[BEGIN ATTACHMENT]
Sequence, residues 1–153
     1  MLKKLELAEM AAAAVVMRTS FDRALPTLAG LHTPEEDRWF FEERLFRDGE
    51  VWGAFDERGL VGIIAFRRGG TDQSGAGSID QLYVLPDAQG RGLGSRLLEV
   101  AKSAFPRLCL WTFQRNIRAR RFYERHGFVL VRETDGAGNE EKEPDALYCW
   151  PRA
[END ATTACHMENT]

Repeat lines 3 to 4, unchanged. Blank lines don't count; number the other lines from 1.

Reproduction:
    51  VWGAFDERGL VGIIAFRRGG TDQSGAGSID QLYVLPDAQG RGLGSRLLEV
   101  AKSAFPRLCL WTFQRNIRAR RFYERHGFVL VRETDGAGNE EKEPDALYCW